If you expand the details for any file, the plugin will tell you exactly which post the file was uploaded to:

uploaded to details

How to Delete a File Attached to a Comment

By default, the plugin makes it so that deleting a comment also deletes all attachments associated with that comment. So, unless you turn that default setting off, you simply need to delete a comment to delete its associated attachments.

During comment moderation, you also have the opportunity to delete the attachment from a comment without removing the whole comment. So, if someone attaches an inappropriate file to an otherwise acceptable comment, you don’t need to completely delete the comment:

deleting attachments

Finally, you can always delete attached files by going to your WordPress media library and deleting them there.

Wrapping Up

Enabling the addition of attachments to WordPress comments is pretty easy. Just remember to be careful. Keep a sensible file size limitation and only allow the exact file types you need.

If you’re only allowing attachments for a private site (e.g. a closed learning course), then you can probably afford to be a little more liberal with file size limits and attachment types.

But if you’re allowing attachments to a public comments section, definitely keep things locked down to keep your site secure and performing well.

Since you’re looking into how to improve your website’s commenting, check out these comment plugins and see how they can bring added functionality.

Would you ever consider allowing attachments on your WordPress site? I’d love to hear why or not.

Article thumbnail image by drvector / 


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  1. I blog mostly about design and creative lifestyle, so this is perfect for me. I would like readers to be able to upload images of their creative projects. It’ll be interesting to see how this works out. Thanks!

  2. Recently, I have transferred my site from sbi to WP. And really, I was looking for this from the last week. It helped me a lot. It was easy to understand. Thanks!

  3. I was looking for this thanks..

  4. What if you want to allow only ‘still’ image files – which would include normal GIFs but not animated GIFs?

    The screenshot showing selection of allowed types does not seem to make that distinction.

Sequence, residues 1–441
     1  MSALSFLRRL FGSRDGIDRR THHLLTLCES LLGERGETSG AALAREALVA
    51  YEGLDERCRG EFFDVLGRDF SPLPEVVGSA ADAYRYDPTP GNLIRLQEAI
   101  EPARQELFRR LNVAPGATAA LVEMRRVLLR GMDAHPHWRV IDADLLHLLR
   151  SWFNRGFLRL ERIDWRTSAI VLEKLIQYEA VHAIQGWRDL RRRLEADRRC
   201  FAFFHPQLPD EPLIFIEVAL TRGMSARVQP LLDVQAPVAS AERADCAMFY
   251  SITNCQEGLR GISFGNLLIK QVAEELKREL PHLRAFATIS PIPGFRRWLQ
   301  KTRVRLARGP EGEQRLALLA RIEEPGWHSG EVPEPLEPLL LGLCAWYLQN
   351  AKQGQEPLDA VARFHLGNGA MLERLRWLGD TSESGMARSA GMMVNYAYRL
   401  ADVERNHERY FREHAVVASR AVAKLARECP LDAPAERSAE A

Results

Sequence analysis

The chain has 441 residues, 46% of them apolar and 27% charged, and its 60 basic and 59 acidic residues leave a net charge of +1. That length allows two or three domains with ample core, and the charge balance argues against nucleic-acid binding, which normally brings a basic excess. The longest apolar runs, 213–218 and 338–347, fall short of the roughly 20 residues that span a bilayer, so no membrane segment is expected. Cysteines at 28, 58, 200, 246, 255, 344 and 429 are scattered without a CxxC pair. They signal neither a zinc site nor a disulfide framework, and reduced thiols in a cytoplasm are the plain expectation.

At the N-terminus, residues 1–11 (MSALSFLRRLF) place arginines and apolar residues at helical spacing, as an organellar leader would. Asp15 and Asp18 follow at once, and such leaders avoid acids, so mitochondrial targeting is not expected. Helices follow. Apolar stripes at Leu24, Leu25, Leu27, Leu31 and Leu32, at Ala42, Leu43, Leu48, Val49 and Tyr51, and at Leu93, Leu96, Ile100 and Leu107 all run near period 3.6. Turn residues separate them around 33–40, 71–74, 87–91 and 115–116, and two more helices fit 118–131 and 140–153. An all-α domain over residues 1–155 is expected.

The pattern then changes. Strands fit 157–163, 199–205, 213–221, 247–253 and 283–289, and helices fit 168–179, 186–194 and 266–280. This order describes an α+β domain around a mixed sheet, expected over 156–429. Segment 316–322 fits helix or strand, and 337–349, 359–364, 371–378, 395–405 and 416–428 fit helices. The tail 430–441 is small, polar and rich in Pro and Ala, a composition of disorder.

5. I don’t allow comments because of spam but I like the idea of the Divi plugin for adding testimonials. So I’m going to try that.

  6. Hello Colin,

    We allow attachments on several sites on multiple WP 4.7 multisite networks.

    Hi Roger, we also use Akismet and run an army of plugins across various networks and have not encountered any conflicts with Akismet.

    We have also used the plugin Comment Attachment on some sites.

    I realize that all the following comment features will not be suitable for many scenarios and we only allow the features for registered, logged in users, but wanted to share that they work for us.

    We have tested a slew of comment related plugins and found the following to all work realiably on multiple WP 4.7 multisite networks.

    We use the plugin TinyMCE Visual Editor Comment with the media upload feature active to allow several post editor features on comments and we enable the media upload feature for photos and other attachments. This allows document uploads as well. (Note you may need to add additional file types to Upload Settings in Network Settings in order to allow document uploads.)

    If you go as far as allowing this much comment editing power for users, then you may want to also activate oEmbed features in comments so they work like they do in the Post editor. We use the plugin oEmbed in Comments for that. It has not been updated in more than 2 years, but seems to work ok for us.

    Once users can post comments, then some will inevitably need to edit their comment. We tried several comment editing plugins and had trouble with all of them except Simple Comment Editing, which has worked on all sites with a huge variety of other plugins active.

    At some point in time site admins will probably find it necessary to move one or more comments from one author to another for some reason and when you encounter than need, then Tako Movable Comments can do the job.

    All of these plugins run simultaneously and coexist without conflicts in our use cases.

    Based on the small number of installations for all these comment related plugins, it must mot be a very popular feature to allow these levels of user interaction in comments and/or perhaps more robust 3rd party comment solutions like Disqus are preferred.

  7. This is pretty cool. I have recipes on my site so can now allow visitors to post pics of how they got on making them.

  8. We rely fairly heavily on Akismet to filter out a lot of spam comments. My understanding is that most, or at least all the file attachment plugins I’m aware of, won’t cooperate with Akismet. Is that the case? Without the ability to efficiently filter spam, we could allow attachments although we’d love to for reader engagement.

    • I’ve had this plugin installed for months and Akismet works fine 🙂